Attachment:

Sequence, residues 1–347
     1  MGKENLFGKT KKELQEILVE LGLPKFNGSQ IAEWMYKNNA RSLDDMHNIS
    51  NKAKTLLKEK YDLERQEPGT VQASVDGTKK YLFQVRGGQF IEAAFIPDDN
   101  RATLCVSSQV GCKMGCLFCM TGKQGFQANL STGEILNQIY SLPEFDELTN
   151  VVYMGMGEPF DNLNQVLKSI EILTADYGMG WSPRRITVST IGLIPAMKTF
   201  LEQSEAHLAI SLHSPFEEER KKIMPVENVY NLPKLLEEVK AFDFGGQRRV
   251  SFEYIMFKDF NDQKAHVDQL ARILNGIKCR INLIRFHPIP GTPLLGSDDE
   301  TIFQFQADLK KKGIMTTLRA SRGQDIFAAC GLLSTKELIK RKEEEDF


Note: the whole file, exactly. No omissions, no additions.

Sequence, residues 1–347
     1  MGKENLFGKT KKELQEILVE LGLPKFNGSQ IAEWMYKNNA RSLDDMHNIS
    51  NKAKTLLKEK YDLERQEPGT VQASVDGTKK YLFQVRGGQF IEAAFIPDDN
   101  RATLCVSSQV GCKMGCLFCM TGKQGFQANL STGEILNQIY SLPEFDELTN
   151  VVYMGMGEPF DNLNQVLKSI EILTADYGMG WSPRRITVST IGLIPAMKTF
   201  LEQSEAHLAI SLHSPFEEER KKIMPVENVY NLPKLLEEVK AFDFGGQRRV
   251  SFEYIMFKDF NDQKAHVDQL ARILNGIKCR INLIRFHPIP GTPLLGSDDE
   301  TIFQFQADLK KKGIMTTLRA SRGQDIFAAC GLLSTKELIK RKEEEDF